• Amy Hervey

Safe and Secure

You install a home security system to keep your home secure. If you leave your door unlocked, your garage door open, leave a key under the doormat, sleep with windows open, or simply fail to arm the system, you have effectively undone any security there might have been. If you open your door to a stranger…you have handed him your future. As the adage says, “An ounce of prevention is worth a pound of cure.”


Whenever a service provider (plumber, HVAC, cable, etc.) is in my home, I always check all of my doors and windows to be sure they’re locked after they have left. That way, I can be sure that they have not left themselves an easy means of entry into my house. After hosting a party, I do the same thing. I double check to be sure everyone has their phones, coats, purses, etc., any candles are extinguished, and all doors and windows are secure.


After that, if someone’s date appears at my door saying, “I think Susie left her purse,” I won’t open the door. Why? Because I owe them nothing. I’ve already checked to be sure no items were left behind, and why isn’t Susie there asking me herself? Treat suspicious situations as suspicious. Listen to your intuition, your gut feeling.


Courtesy can get you – women especially, in my opinion – into trouble. Simply opening the door of your home under the wrong circumstances can be a fatal mistake. The UPS delivery man does not need to come into your home. That teenager who says their car broke down nearby doesn’t need to use your phone…YOU can make a call for them. And while your attention is on the person on your front porch, stay aware of your surroundings and be sure they don't have friends on your back porch trying to gain entry.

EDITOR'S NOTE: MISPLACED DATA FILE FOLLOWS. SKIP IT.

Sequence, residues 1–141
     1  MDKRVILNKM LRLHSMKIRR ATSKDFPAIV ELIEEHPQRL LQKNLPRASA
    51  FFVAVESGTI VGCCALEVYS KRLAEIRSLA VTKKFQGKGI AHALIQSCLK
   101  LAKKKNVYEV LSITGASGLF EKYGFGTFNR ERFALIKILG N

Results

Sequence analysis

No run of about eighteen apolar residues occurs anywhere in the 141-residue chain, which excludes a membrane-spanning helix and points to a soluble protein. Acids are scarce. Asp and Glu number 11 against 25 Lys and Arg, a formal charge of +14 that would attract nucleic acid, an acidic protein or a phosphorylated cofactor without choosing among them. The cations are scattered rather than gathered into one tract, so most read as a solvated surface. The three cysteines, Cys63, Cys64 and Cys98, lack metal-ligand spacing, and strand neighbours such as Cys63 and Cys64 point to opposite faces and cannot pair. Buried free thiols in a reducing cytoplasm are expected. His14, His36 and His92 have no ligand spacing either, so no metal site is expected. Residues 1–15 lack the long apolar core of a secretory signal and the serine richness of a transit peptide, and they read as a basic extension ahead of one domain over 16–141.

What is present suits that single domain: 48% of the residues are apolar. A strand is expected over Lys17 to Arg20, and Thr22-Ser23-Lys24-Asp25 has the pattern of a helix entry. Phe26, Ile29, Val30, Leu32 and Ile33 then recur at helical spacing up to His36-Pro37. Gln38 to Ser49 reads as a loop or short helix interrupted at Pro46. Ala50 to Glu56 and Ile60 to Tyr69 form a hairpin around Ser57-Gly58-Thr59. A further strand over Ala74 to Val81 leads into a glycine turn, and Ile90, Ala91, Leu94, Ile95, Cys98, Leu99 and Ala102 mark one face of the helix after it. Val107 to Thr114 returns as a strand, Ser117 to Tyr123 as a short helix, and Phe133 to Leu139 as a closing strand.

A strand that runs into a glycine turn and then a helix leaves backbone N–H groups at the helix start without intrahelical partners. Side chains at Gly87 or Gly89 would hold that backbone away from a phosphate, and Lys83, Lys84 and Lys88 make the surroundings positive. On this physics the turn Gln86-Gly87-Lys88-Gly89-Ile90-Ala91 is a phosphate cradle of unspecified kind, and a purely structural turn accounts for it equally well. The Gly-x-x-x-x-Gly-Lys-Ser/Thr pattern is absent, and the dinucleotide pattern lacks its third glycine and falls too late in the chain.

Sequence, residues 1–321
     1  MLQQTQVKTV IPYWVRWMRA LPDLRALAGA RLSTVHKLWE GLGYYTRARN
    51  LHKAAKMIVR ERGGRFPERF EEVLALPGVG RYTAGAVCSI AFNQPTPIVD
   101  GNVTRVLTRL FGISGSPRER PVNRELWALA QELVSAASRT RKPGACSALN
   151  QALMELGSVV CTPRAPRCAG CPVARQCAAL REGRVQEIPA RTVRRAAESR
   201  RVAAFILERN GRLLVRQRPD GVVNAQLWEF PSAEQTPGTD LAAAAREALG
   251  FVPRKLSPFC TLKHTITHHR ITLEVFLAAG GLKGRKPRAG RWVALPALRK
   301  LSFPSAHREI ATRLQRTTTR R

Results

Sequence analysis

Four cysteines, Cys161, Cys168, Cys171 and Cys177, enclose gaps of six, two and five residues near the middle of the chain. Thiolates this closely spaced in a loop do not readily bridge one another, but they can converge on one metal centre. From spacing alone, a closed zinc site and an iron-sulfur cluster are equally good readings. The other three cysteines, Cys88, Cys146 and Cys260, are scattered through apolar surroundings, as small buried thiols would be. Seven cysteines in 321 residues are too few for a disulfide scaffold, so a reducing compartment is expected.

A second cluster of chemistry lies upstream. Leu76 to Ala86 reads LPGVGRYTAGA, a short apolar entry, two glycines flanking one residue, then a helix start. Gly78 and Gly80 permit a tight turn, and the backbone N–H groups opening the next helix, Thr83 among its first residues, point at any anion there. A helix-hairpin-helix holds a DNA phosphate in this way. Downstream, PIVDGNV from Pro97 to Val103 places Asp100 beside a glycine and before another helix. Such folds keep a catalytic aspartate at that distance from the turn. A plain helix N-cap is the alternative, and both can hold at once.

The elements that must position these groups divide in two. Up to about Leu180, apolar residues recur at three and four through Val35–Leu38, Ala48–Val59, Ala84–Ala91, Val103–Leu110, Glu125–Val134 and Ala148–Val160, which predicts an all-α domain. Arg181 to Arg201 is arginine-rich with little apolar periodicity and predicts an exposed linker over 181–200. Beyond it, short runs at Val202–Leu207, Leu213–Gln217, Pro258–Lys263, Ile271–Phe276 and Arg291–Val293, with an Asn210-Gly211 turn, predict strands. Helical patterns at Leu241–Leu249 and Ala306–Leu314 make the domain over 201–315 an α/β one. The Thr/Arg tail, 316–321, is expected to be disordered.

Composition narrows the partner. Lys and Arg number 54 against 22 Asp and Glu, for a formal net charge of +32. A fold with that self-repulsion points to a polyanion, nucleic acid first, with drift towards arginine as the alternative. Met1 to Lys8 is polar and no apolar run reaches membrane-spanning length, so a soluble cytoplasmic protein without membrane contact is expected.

This post about familiar strangers addresses this concern as well. Here are two scenarios from my personal experience:


On a weeknight around 11:30 p.m., I heard a loud knock at the door. I looked out and saw three white men in their early 20s. They were fanned out across my porch, with one in front and two flanking him.

“Our car broke down (gestures vaguely toward the highway) and I thought you might have a four-way tire iron,” said the guy in the middle.

“I don’t. Would you like me to call someone for you?” I asked through the door, a .357 in my hand. His hands were in his back pockets. His friends looked at their feet, my yard…everywhere but at me.

“No, we just wanted a tire iron. Well, we have one, but not a four-way,” he said.

“I don’t have one, sorry,” I said.

“Come on, I told you she'd have a gun,” said one of his cohorts. They milled around on my porch for another minute or so. She. Not they.

I called the Highway Patrol, and an OHP Trooper showed up in under five minutes. Funny thing…the guys already had moved their car.


In sharp contrast, on a sunny Saturday afternoon, I came to the door to find a tall, heavily muscled Black man standing on my porch. He had knocked, then stepped back about five feet, and was holding his ball cap in front of him with both hands.


I said hello through the door, and he responded, “Ma’am, my car ran out of gas right over there (he pointed to a car parked on the shoulder of the road), and I wonder if you could call my wife for me to let her know I’m running late…?” I made the call for him, brought him a bottle of water, and told him he was welcome to wait in the shade on my porch for his wife to come. She was there shortly with a gas can, and off they went.


Two similar, but very different scenarios. One situation was obviously shady, the other, clearly legitimate.


If someone gains entry into your home, your office, or your car…defend yourself with any means necessary, escape as soon as you possibly can, and call the police immediately. Don’t rationalize it away, and don’t worry about who is to blame. Get help, and keep it from happening again! But most of all, put your safety and security first, eliminating potential threats before they happen.

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